Bid for WA wool growers to boost forward selling
With their market operating on a high, WA woolgrowers could be forgiven for sidelining a forward- selling strategy.
But it is a stance that New South Wales-based Southern Aurora Markets partner Mike Avery is keen to change.
The brokerage joined Australia’s dominant exchange, Riemann’s Wool OTC Forwards, three years ago and has since sought to increase the volume of its trades, with wool just one of several commodities it handles in this way.
But in his latest weekly market wrap, Mr Avery said the challenge for all participants was the establishment of fair forward values.
“Growers are faced with conflicting factors,” he said.
“Firstly, a price trend that clearly, with the benefit of hindsight, debunked the forward discount that has been in place over the last few years.
“Opposed to that are the outright price levels forward. Although historically high and representing sound margin management, does it represent fair value?
“In this high-risk landscape, some insurance and certainty are important.”
Yet Australian growers remain reluctant to adopt wool forwards.
“If you look at the size of the Australian wool clip in physical terms and the proportion that gets hedged, you would be lucky to get 2 to 3 per cent of the clip in any forward contract, which is really small,” Mecardo analyst Matt Dalgleish said.
Hindering take-up has been the fact that forward prices, which for 19 microns list up to January 2021, are often at a discount to the spot market.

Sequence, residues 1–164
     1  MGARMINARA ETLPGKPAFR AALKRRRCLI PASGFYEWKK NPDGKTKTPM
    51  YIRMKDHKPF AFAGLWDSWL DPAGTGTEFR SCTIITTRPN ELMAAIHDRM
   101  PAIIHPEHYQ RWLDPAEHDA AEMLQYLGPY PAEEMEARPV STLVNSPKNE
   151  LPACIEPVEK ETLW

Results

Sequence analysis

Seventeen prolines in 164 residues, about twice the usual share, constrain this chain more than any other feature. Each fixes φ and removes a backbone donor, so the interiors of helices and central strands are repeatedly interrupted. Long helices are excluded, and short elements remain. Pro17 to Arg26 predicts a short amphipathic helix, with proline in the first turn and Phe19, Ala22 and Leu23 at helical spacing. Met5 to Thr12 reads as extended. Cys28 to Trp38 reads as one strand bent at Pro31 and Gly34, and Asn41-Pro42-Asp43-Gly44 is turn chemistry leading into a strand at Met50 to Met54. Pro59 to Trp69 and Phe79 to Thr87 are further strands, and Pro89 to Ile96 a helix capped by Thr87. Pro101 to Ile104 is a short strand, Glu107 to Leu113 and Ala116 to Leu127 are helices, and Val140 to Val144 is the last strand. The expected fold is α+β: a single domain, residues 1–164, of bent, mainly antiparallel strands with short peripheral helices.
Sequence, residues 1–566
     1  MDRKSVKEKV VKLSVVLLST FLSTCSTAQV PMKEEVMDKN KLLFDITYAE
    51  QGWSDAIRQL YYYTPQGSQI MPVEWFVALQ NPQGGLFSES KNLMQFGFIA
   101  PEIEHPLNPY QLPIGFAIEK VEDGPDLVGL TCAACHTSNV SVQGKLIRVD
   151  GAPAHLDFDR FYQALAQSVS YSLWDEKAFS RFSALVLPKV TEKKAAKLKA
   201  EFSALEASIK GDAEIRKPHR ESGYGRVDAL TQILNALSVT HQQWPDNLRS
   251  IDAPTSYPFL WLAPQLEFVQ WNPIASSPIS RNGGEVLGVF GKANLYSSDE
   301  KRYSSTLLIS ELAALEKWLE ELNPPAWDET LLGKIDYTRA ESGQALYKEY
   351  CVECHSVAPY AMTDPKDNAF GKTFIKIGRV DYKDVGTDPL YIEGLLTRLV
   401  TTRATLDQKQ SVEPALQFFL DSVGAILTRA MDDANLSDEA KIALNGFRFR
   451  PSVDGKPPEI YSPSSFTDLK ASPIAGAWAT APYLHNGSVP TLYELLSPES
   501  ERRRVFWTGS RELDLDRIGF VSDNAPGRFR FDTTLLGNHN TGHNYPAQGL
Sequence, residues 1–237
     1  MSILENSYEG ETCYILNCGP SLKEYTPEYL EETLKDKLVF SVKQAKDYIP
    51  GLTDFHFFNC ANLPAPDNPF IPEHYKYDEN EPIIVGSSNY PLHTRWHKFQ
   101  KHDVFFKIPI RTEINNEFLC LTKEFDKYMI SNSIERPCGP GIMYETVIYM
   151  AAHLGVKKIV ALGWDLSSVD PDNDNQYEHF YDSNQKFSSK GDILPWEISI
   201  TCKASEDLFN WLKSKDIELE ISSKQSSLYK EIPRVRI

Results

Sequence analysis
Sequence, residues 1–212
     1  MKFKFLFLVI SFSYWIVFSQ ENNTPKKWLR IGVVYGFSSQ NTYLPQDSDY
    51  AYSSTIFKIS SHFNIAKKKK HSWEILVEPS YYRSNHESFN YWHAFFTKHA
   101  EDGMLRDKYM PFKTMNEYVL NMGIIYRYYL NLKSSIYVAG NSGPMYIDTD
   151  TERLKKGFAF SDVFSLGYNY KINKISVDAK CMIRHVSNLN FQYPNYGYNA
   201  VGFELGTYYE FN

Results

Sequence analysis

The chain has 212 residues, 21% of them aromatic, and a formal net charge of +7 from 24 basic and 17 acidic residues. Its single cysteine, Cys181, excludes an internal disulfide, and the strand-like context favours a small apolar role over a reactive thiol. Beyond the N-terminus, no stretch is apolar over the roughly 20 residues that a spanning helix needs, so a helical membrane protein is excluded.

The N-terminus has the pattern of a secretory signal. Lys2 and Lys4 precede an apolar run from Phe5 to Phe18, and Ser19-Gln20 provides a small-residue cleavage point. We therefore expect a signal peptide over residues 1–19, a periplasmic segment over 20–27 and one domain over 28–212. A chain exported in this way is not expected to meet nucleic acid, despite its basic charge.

“There has been a perception over the past year or so of where supply has been heading, broadly, and the level of demand, so there has been some comfort around prices maintaining their levels and potentially going up over this period,” Mr Dalgleish said.
With prices remaining at historically high levels and supply for Merino wool tight, National Council of Wool Selling Brokers of Australia executive director Chris Wilcox said the wool market was in an extraordinary situation.
However, he said recent sentiment regarding the global economy could affect that outlook. “Concerns have been expressed in equity markets around the world about what might happen to the world economy over the next 12 months to two years, and it’s all on the downside,” he said.
“My belief is the world economy has been one of the drivers for where wool prices have got to over the last two years, and they have been there for an extended period of time, so given that prospect of weakening across the board in terms of world economy, that leads me to think there is some scope for some downside.”
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